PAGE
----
GIJSBERT-PAUL BERK BRINGS THE FIAT 1100 FORMULA JUNIORS TO LIFE; DALE LAFOLLETTE PUTS TOGETHER A PORTFOLIO OF STUNNING PHOTOS; HUGUES VANHOOLANDT AND BRANDES ELITCH BRINGS US ROUND ONE OF OUR MONTEREY COVERAGE. Click here to Subscribe!
Archives for August 2017
Story by Brandes Elitch
Photos by Hugues Vanhoolandt
The 32nd annual Concorso Italiano was held at the Blackhorse/Bayonet golf course at Fort Ord, California, on August 19, 2017. Originally conceived by Francis Mandarano of the Maserati Information Exchange, this event has been managed since 2009 by Tom McDowell.
Concorso Italiano is probably the largest gathering of Italian special interest and collector cars anywhere in the world. Special features this year were “Seventy Years of Ferrari,” the 50th anniversary of the Maserati Ghibli, and the first part of a three-year celebration of Alfa Romeo, this year featuring the GTV, Giulia, and 4C. I particularly appreciated the interview on the stage with event originator Mandarano, who gave a history of the event and a tribute to Tom Tjaarda, who passed away recently, but was in attendance at previous shows. There was also an interview with Pete Brock, and one of the highlights of the day for me was getting to talk to Pete in person. [Read more…] about Monterey Round One
Story by Gijsbert-Paul Berk
The Formula Junior was the brain child of Giovanni “Johnny’ Lurani, an Italian nobleman, engineer, racing driver, speed record holder, author, publisher and the Italian representative in the CSI (International Sporting Commission) of the FIA, the governing body for automobile sports. Like Piero Dusio before him, he saw the need for a new formula for affordable single-seater racing cars, allowing a new generation of drivers to gain experience. True or not, at the time some thought and even wrote that Lurani promoted his Formula Junior idea to compensate for the lack of success of Italian cars and drivers in the British dominated 500 cc. Formula 3. However, in October 1958 the FIA officially recognized the International Formula Junior.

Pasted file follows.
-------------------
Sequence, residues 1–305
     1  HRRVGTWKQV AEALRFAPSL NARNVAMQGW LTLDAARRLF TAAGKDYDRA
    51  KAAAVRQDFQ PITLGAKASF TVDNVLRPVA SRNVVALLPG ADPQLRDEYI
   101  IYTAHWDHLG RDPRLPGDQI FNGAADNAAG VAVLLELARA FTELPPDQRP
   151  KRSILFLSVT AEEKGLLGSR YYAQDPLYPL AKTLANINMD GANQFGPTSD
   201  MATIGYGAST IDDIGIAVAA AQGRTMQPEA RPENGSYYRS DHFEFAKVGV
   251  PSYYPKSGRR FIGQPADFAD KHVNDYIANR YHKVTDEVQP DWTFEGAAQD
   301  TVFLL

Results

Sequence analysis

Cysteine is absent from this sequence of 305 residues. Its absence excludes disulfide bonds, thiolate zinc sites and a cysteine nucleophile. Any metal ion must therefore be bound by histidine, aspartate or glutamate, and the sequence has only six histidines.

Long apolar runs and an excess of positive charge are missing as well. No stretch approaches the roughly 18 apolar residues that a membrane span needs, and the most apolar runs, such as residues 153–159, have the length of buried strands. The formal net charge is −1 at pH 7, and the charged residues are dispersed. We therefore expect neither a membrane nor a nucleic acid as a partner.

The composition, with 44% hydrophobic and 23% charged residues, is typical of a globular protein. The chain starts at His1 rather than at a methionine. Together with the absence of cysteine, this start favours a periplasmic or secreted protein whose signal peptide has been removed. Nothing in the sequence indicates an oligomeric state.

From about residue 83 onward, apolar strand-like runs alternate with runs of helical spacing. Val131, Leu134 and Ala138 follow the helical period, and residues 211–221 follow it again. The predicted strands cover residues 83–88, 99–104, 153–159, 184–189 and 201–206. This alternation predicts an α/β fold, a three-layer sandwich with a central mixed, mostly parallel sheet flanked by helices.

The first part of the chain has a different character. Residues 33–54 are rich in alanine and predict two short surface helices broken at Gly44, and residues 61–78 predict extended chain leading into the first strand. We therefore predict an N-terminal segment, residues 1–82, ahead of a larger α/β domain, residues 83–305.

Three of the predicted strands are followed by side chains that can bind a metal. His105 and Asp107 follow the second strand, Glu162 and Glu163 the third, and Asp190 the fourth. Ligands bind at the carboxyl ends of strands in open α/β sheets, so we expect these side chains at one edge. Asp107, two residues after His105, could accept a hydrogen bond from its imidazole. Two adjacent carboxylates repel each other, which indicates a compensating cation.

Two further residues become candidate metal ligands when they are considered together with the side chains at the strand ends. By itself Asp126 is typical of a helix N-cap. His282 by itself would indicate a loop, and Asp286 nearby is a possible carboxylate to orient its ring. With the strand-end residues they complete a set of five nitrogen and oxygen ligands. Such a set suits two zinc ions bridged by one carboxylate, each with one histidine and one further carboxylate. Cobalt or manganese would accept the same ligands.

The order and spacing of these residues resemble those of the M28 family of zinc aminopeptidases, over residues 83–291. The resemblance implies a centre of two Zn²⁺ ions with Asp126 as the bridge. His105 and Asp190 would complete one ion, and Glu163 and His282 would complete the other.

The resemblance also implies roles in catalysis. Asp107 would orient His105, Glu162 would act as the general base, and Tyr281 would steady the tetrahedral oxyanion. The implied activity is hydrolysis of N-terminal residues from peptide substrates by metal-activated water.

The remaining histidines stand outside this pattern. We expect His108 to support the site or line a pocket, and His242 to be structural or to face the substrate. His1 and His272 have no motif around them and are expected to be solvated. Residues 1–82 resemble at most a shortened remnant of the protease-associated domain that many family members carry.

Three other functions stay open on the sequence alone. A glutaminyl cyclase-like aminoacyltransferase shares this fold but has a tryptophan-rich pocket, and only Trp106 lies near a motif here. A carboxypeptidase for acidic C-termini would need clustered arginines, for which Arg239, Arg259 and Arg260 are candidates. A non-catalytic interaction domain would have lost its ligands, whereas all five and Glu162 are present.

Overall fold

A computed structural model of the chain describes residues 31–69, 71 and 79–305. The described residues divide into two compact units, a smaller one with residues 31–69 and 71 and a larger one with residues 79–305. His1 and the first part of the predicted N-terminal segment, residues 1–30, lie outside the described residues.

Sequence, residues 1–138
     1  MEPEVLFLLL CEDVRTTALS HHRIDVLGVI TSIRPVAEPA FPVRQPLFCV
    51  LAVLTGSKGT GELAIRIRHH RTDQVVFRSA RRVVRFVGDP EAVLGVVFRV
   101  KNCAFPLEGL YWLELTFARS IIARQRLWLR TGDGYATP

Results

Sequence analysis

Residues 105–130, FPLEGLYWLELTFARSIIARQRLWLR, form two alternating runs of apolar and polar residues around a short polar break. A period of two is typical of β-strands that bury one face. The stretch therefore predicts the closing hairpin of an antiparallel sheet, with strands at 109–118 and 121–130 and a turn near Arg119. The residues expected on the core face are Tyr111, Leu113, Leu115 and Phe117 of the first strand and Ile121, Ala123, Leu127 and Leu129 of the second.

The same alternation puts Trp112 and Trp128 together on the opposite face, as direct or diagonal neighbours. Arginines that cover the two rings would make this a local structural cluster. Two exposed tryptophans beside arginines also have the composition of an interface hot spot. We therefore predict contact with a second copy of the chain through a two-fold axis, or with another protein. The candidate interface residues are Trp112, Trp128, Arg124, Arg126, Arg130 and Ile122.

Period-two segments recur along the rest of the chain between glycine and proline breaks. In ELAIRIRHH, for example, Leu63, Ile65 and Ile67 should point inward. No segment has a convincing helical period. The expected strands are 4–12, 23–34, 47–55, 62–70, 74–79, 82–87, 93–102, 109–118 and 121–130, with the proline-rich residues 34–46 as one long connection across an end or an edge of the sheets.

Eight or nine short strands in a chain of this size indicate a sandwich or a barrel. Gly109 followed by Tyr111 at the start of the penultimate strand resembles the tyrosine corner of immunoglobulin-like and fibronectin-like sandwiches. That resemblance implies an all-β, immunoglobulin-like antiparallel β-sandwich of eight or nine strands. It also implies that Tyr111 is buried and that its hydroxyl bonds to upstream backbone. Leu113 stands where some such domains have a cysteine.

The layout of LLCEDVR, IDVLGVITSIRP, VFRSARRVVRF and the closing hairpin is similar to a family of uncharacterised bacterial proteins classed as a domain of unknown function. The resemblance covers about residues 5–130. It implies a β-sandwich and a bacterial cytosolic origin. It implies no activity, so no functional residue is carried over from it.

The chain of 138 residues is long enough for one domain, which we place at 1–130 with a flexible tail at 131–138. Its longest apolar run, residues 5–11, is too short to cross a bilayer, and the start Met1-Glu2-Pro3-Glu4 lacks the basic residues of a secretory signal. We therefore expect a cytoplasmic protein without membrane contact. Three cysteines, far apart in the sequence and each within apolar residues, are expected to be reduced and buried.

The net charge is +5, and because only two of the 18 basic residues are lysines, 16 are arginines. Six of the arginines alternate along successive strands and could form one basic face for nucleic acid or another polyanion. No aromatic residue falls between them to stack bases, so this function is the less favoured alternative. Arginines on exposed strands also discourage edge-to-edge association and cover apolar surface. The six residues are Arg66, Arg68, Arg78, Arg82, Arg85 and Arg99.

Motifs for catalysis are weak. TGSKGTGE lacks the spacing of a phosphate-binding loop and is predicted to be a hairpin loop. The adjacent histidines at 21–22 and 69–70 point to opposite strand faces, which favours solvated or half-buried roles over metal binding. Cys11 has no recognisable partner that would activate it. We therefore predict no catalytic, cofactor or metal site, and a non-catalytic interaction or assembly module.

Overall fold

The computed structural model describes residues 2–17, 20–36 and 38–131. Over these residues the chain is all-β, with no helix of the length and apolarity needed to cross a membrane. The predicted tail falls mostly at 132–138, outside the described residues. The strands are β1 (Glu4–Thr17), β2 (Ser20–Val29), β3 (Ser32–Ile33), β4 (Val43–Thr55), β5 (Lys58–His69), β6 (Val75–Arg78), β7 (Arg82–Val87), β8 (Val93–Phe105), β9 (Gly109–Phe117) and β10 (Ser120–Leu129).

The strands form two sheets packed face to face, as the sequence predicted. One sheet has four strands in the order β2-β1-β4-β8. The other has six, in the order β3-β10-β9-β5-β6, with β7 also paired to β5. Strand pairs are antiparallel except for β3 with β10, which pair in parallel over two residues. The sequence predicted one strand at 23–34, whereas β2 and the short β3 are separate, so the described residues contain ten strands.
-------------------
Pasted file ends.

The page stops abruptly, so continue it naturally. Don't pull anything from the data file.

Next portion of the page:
Photo Gallery by Dale LaFollette
Juxtaposition: to place two or more things together, especially in order to suggest a link between them or emphasize the contrast between them.
Of course one has to have two or more things in the first place, or as in the case with the Maserati gills, two items in one photo. Whichever, that’s where Dale LaFollette comes in. So often Dale has been our unsung hero, providing classic old photos for a variety of uses on VeloceToday. One the most popular such articles was the recent series on Bob Temple’s photos from Watkins Glen. But in addition to being the brains behind Vintage Motorphoto, LaFollette is also an excellent photographer in his own right, as we found out when he sent us his own stunning photos of racing from the 1970s. [Read more…] about And How! Let the Imagination Run Free
By Gijsbert-Paul Berk and friends
With over 30 color photos by Hugues Vanhoolandt
Previously in a series of four installments, Gijsbert-Paul Berk covered the prewar beginnings of the Fiat 1100 in 1937 up to the introduction of the Nuovo 103 and the final Italian version, the 1100R which ceased production in 1969. A long and glorious history, to be sure.
But there is always more to this interesting story of one of Italy’s greatest cars. Initially, for this episode, we planned to show just a few of the special-bodied 1100s that graced the auto shows in the 1950s, such as the gorgeous Allemano, below. Then Hugues Vanhoolandt sent along a huge selection of Fiat 1100-based cars that also included many of the sports-racers which used 1100 components. The result is below. And bear with us, the story of a Touch of Dante’s Genius is not done yet!
Photos by Alessandro Gerelli